Still, the pace of evacuations is clearly slowing. Between midnight Thursday and midnight Friday, 12,500 people — including about 300 American citizens — were flown out on a mix of U.S. military, charter and other aircraft. In addition, 4,200 people were evacuated between midnight and noon Friday. Earlier this week, the daily totals peaked at over 21,000.


According to Army Maj. Gen. William Taylor, as of Friday morning, 5,400 people were waiting inside the airport perimeter for flights out of the country — slightly more than half of the approximately 10,000 people that the Kabul airport has been hosting in recent days.

“We have the ability to include evacuees on U.S. military airlift … until the very end,” Taylor said. “ISIS will not deter us from accomplishing this mission.”

In Europe, it is possible that Afghans could spend 10 to 14 days distributed among eight facilities, which have a combined capacity to host about 25,000 people, according to Gen. Tod D. Wolters, the supreme allied commander of NATO forces. Wolters told reporters this week that the average processing time for Afghans coming through Europe so far had been far shorter.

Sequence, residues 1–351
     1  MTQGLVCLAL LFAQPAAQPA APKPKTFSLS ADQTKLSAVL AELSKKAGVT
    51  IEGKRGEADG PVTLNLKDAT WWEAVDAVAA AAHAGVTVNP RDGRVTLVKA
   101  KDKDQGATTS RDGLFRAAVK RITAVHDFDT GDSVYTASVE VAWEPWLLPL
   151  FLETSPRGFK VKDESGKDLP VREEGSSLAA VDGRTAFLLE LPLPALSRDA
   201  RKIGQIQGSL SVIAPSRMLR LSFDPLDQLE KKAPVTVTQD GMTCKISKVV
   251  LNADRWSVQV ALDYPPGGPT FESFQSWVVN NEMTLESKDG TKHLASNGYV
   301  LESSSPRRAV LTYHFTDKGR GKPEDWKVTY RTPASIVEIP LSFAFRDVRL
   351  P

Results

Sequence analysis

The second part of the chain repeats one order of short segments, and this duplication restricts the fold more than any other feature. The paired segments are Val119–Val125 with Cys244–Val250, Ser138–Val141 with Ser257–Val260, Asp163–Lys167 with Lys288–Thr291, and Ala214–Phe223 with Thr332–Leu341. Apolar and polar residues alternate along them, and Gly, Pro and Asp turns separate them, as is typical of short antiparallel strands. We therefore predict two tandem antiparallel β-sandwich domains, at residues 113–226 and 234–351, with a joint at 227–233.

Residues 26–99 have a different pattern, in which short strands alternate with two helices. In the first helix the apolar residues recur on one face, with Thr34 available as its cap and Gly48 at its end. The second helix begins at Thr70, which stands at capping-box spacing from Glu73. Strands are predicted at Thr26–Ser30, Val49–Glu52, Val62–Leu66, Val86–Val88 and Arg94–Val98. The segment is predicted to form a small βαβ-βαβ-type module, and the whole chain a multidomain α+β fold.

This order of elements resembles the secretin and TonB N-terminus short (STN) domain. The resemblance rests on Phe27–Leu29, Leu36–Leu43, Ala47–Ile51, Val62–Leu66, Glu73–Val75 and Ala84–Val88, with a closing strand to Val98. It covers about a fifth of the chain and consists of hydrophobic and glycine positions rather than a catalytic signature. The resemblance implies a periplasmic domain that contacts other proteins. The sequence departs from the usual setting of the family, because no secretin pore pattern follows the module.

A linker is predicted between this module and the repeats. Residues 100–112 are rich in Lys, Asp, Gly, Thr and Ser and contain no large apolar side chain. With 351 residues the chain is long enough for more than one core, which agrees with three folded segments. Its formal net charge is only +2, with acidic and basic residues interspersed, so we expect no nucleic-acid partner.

VanHerck, the head of U.S. Northern Command, told reporters Friday that it would take an estimated five to seven days to process and screen Afghan arrivals, whom he said account for about 40% of the people the military has brought into the United States since the evacuation began. The balance, he said, are U.S. citizens, green-card holders and others with designated status to be in the country.

He stressed that those arriving in the United States have already passed a security screening elsewhere and that the bulk of the processing they face while at U.S.-based military installations is medical in nature, or to get their paperwork for special immigrant and other status in order.

So far, most of the evacuees have come through Dulles International Airport, about 25 miles outside the District of Columbia, in Virginia. Some waited aboard the planes for up to 12 hours to be processed and cleared for entry.


The split between male and female Afghan evacuees is about 50-50, VanHerck said, noting that approximately 15% of arrivals are coming with children. One base had taken in 513 children, he said, about 30% of its evacuee population.

While on base, VanHerck said, evacuees are offered three “culturally appropriate,” halal meals daily, as well as access to a 24-hour “grab and go” food that also has culturally sensitive options. Local community and aid organizations have been donating large amounts of clothing and other supplies.

While schooling facilities are not readily available, VanHerck said, people have donated books, educational equipment and sporting goods. At Fort Bliss, he added, soldiers have set up makeshift soccer fields to keep the children active and occupied.